Tuesday, December 29, 2009

The 25 Best Songs Of 2009

What a year.  I spent a lot of time agonizing over this list, and after two days I've arrived at one with many faults, but one that I'm relatively happy with.  The diversity of rap in 2009 creates many problems for developing a comprehensive list like this.  How does one properly compare and determine the rank of a Mos Def song and a Juiceman song, when they're such different beasts?  For this reason, my personal enjoyment of a song played as large a role as my critical examination of it in determining a rank.  Gucci Mane alone could have a top 25 list this year, but an artist was only allowed to appear once on this list outside of features.  Choosing a single Gucci song to be representative of his entire output in 2009 was extremely difficult.  The song I ended up choosing I found to exemplify the characteristic sound that Gucci and Zaytoven established.  It's also interesting to note that almost half of the top ten this year originated on mixtapes or free albums.

1. “Do You Know” -DJ Quik & Kurupt
2. “Better Believe It” -Lil Boosie Ft. Young Jeezy and Webbie
3. “Doing Just Fine” -Z-Ro
4. “Purse Come First” -UGK Ft. Big Gipp
5. “Popular Demand (Popeyes)” -Clipse Ft. Cam'ron
6. “Womb 2 The Tomb” -Freddie Gibbs Ft. Pill
7. “Feel The...” -G-Side Ft. 6 Tre G
8. “Trap Goin' Ham” -Pill
9. “Shine Blockas” -Big Boi Ft. Gucci Mane
10. “Weird” -Gucci Mane
11. “Cold Outside” -Raekwon Ft. Ghostface
12. “Hussle In The House” -Nipsey Hussle
13. “Gazzillion Ear” -DOOM
14. “Diamonds & Maybachs Pt. 2” -Triple C's
15. “City Lights” -Method Man and Redman Ft. Bun B
16. “Exhibit C” -Jay Electronica
17. “Life In Marvelous Times” -Mos Def
18. “I Got This (Don't Worry)” -Young Jeezy
19. “Make The Trap Say Aye” -OJ Da Juiceman Ft. Gucci Mane
20. “In The Night/While You Slept (I Crept)” -J Dilla
21. “D.O.A.” -Jay-Z
22. “Georgiavania” -Willie Isz
23. “Pop The Trunk” -Yelawolf
24. “On Dat Other Shit” -Playboy Tre
25. “O Let's Do It” -Waka Flocka

Wednesday, December 16, 2009

Til the Casket Drops

The third album from the Clipse, Til the Casket Drops is also their worst. Of course, this isn't necessarily a significant comment on the quality of the album, given the critical acclaim for their previous two. The truth is, Til the Casket Drops is by and large a great album, and from any other group it would be considered a substantial success. But for fans of the Thornton brothers, it's hard not to notice that a little something is missing from this newest effort. It may simply be that a series of album delays, and almost half of the album being released as singles dampened the impact upon arrival, but certainly a bit of the edge is gone.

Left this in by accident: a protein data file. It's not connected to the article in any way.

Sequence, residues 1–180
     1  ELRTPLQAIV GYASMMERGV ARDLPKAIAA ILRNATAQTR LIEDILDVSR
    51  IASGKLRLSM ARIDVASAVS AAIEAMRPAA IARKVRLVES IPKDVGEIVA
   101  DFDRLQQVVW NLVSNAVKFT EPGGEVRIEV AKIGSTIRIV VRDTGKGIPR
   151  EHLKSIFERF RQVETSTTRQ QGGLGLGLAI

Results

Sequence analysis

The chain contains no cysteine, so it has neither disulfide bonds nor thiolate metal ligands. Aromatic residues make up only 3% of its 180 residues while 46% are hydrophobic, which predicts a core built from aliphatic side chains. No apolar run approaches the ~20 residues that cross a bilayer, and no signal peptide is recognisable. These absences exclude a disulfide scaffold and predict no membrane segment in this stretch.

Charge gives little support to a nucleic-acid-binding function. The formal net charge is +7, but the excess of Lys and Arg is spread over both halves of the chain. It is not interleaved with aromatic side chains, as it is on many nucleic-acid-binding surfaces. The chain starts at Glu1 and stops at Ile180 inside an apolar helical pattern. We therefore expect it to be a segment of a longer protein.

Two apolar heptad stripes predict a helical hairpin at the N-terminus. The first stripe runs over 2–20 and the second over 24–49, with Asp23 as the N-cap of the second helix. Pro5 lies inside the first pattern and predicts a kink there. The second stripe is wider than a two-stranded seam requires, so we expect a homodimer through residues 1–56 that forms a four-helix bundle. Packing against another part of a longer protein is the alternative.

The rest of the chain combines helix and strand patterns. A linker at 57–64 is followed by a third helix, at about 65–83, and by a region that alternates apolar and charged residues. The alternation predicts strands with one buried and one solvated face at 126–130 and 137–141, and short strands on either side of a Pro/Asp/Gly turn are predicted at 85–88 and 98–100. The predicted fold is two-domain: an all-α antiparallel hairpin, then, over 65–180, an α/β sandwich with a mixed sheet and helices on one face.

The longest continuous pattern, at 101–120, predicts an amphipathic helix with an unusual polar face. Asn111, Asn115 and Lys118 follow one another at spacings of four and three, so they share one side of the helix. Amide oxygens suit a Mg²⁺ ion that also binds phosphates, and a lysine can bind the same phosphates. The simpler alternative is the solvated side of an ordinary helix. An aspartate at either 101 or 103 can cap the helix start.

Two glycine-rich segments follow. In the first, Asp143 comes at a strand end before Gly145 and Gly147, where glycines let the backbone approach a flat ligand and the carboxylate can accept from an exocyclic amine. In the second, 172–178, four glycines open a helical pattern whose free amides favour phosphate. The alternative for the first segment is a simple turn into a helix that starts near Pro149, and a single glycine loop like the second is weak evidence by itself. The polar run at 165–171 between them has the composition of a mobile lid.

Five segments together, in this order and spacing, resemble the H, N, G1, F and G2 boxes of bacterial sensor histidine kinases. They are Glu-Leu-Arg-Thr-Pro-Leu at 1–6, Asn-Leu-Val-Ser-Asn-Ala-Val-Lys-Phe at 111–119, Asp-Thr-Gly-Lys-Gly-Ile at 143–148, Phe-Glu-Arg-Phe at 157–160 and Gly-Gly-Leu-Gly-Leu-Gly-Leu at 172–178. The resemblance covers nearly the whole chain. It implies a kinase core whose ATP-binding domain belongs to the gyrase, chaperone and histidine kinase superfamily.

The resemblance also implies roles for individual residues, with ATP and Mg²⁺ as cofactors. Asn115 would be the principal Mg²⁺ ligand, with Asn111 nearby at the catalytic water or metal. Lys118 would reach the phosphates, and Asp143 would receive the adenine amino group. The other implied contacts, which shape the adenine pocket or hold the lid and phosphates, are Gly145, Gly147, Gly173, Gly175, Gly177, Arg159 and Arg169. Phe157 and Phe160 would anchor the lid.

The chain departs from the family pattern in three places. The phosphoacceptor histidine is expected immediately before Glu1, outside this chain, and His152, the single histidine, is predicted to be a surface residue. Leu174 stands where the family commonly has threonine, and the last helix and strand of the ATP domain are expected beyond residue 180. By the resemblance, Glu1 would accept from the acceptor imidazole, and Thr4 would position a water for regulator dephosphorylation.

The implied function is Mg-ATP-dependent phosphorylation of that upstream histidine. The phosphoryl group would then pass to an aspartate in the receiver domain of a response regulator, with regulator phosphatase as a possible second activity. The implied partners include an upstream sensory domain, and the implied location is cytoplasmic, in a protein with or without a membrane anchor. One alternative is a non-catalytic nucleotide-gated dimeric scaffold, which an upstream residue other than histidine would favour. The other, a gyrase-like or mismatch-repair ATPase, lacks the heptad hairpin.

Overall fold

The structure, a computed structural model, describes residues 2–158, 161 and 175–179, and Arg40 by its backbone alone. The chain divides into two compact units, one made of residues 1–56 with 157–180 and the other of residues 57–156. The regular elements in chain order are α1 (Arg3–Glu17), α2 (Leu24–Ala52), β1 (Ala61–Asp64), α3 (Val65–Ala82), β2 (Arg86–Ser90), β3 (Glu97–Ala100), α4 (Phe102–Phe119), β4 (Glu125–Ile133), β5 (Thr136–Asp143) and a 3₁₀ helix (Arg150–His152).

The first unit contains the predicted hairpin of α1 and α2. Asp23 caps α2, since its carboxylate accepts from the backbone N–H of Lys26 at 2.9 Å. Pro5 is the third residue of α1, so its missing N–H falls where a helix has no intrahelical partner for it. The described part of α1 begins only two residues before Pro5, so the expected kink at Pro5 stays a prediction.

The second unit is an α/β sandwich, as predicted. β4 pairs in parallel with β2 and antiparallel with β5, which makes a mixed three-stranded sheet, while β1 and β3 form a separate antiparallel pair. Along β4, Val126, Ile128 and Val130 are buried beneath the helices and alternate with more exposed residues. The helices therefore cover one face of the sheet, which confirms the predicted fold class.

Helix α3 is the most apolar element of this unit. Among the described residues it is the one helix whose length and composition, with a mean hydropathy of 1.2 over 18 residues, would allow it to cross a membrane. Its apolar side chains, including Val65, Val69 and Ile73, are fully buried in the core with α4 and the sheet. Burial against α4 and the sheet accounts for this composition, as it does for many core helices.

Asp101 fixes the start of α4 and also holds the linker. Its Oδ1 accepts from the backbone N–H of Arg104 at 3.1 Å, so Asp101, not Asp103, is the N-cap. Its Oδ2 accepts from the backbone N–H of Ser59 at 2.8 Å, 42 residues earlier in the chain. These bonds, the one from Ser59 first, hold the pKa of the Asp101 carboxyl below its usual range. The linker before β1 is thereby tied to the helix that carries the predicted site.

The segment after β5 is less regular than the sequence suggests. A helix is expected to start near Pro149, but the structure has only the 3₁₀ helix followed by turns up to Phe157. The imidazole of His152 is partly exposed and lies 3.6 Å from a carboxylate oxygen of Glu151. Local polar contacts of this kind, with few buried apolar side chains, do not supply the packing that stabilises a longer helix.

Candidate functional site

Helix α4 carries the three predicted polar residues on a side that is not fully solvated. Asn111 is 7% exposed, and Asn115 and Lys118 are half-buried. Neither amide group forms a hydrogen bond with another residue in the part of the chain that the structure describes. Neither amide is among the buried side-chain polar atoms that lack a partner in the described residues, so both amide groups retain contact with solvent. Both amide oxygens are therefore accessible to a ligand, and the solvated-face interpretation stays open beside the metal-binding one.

Hell Hath No Fury was such a dramatic and innovative departure from the contemporary hip-hop landscape, that to attempt a recreation on the third go would have been a commercially poor decision, and more importantly an artistic mistake. So it's no surprise when the Clipse add a new dimension to the identities they've created. Right from the start, the Clipse set a new paradigm with the reflective opening “Freedom,” produced by Sean C & LV. The song signals a departure even down to the production lineup, and it's an excellent opener. Whereas Hell Hath No Fury was a brilliantly detached portrayal of the coke game, their newest is far more self-aware, with references to music criticism, the state of hip-hop, personal shortcomings, and most significantly a little bit of guilt begins to creep in. Pusha T's first verse on the album captures this new dimension perfectly.